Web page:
CCN’s response suggested that the cost-drivers in this service-specific formula would potentially maintain existing patterns of funding. CCN outlines that the proposed formula’s use of the ‘utilisation’ assumption as a proxy for need could fail to meet today’s real demands for services, including ‘unmet need’ for services and true cost of service delivery, particularly in working age adults.

Separately, CCN’s response outlines county leaders’ willingness to include home to school transport in the foundation formula – rather than a stand-alone service-specific formula – alongside concessionary fares. Research last year by CCN showed the cost of home to school transport was ten times higher in their member councils compared to cities.

The response said that while demand for home to school transport was concentrated in shire counties, the network’s support for the foundation formula meant it was willing to compromise. Nonetheless, they said its inclusion strengthened the case for concessionary fares and bus support to be distributed on a per capita basis and a higher weighting for rurality in the ACA.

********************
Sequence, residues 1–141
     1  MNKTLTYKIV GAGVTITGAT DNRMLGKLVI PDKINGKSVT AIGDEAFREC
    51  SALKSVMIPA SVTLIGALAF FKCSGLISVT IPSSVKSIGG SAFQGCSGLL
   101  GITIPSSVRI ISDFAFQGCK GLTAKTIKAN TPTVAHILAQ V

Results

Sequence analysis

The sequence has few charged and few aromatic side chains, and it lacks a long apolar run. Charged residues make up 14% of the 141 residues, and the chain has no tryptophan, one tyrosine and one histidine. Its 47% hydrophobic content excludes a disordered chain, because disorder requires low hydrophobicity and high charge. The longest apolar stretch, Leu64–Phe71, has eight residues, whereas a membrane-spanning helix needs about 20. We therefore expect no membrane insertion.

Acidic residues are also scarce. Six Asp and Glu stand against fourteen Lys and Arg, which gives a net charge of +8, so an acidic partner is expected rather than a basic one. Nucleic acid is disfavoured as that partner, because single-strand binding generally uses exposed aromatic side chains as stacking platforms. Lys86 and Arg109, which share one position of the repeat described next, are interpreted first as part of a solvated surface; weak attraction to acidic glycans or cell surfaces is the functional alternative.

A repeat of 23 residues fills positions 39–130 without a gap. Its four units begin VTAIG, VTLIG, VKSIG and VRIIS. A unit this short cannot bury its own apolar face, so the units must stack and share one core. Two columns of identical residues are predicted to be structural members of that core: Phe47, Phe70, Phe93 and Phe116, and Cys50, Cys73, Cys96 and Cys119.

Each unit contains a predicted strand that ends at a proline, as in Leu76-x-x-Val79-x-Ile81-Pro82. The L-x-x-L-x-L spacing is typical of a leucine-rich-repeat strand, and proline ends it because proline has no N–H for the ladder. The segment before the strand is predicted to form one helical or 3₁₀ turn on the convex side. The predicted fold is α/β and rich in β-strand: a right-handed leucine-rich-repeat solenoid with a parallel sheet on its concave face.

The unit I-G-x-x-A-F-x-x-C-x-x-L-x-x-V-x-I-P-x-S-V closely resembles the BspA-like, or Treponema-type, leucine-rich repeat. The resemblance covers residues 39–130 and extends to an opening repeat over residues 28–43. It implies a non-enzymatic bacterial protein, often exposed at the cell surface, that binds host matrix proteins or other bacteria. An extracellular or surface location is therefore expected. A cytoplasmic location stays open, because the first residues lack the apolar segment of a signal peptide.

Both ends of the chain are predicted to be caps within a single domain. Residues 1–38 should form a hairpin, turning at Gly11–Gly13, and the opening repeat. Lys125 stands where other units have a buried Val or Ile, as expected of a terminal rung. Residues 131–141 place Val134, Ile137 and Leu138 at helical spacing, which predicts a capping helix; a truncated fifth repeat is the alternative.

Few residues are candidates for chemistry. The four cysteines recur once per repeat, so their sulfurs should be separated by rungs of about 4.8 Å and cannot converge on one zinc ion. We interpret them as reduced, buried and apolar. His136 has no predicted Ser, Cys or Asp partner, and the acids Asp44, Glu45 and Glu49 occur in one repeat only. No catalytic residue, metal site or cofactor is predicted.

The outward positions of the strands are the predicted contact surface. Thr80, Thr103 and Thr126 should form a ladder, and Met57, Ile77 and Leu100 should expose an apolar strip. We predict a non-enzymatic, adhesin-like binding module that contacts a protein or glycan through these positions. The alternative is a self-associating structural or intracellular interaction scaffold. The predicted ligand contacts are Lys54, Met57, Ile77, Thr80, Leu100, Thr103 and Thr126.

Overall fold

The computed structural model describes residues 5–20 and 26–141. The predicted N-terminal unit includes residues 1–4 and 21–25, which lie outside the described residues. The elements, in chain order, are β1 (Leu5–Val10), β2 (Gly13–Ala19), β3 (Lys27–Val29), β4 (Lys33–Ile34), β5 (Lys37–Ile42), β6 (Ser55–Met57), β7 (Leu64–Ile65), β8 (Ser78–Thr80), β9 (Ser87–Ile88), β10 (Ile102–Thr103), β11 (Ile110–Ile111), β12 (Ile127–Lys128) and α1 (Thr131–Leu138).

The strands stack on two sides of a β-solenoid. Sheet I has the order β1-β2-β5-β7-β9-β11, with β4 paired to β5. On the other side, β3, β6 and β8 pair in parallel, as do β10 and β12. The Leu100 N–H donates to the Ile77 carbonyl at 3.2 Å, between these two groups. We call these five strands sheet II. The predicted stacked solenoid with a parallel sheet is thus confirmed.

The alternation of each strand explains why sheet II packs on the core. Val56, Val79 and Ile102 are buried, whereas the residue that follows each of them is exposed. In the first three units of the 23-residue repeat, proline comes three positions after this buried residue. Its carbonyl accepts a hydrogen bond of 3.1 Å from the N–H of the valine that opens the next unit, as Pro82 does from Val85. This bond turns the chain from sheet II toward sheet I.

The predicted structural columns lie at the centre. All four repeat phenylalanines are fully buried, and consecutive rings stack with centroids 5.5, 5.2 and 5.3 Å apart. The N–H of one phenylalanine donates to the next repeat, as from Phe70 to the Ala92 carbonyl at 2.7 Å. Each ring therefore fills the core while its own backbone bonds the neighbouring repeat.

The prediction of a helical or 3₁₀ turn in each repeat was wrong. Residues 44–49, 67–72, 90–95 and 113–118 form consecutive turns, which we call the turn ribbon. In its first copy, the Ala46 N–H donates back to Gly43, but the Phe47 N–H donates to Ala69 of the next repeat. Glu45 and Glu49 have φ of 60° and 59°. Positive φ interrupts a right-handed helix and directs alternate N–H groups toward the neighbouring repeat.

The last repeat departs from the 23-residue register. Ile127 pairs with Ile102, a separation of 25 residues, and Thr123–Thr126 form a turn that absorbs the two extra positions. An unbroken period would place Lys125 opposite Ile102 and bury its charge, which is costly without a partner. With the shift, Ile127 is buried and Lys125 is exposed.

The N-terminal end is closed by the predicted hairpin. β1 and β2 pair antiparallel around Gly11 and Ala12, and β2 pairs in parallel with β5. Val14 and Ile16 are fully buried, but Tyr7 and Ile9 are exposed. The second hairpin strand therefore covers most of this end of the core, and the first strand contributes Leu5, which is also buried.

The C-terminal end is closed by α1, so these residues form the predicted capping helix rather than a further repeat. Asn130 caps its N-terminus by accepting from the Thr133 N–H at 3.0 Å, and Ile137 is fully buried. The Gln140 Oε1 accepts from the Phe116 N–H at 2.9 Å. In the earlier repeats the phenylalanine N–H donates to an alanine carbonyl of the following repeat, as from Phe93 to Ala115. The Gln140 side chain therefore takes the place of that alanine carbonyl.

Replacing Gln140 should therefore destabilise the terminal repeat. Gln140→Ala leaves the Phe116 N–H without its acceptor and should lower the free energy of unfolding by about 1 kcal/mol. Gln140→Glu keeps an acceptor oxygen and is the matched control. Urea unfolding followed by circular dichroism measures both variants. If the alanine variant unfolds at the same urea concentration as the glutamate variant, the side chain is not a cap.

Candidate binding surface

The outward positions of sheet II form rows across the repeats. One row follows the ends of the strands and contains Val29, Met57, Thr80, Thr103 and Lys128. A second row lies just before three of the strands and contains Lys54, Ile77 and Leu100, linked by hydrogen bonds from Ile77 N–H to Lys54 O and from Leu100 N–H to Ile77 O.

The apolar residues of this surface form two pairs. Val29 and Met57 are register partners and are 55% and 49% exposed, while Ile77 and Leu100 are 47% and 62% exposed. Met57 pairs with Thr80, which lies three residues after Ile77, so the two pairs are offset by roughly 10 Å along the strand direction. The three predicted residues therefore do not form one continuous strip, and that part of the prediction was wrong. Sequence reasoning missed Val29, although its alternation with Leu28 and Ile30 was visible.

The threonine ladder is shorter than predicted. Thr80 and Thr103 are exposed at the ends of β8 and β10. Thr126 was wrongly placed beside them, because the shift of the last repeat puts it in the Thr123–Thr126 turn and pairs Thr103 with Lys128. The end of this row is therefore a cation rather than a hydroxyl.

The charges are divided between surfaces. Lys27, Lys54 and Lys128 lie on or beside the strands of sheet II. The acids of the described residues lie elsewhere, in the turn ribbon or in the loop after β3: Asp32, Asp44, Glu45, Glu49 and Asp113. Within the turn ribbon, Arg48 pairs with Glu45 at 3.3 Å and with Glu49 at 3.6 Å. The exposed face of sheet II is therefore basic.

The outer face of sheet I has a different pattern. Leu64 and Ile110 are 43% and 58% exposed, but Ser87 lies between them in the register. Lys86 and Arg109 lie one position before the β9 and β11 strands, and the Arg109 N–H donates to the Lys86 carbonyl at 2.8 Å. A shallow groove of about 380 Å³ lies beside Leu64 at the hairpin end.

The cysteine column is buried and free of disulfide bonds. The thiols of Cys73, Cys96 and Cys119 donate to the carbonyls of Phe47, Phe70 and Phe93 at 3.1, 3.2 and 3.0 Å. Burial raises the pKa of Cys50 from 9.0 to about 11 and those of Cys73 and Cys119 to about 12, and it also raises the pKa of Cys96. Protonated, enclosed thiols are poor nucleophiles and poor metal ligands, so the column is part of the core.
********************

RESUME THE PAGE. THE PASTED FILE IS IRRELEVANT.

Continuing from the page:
CCN said its willingness to support the inclusion of school transport in the foundation formula was another sign that county leaders are willing to compromise to ensure that this ‘golden opportunity’ to reform council finance was taken. To see the review through to its conclusion, the network remains committed to working with other council groupings within the sector, especially in making the case for an increase in the ‘quantum’ of services available to all councils.

Cllr Paul Carter, chairman of the County Councils Network, said:

“We are entering the final stages of a review that could provide a golden opportunity to reset the dial and create a funding system that can truly stand the test of time; eradicating the unfair nature of the present methodology. I am confident that the direction of travel is inherently based on the principle of evidence and fairness.

“However, if we are to see this review through – and if we are to grasp this opportunity – compromise and pragmatism on all sides of the local government sector, will be necessary.  We hope other parts of the sector will do likewise.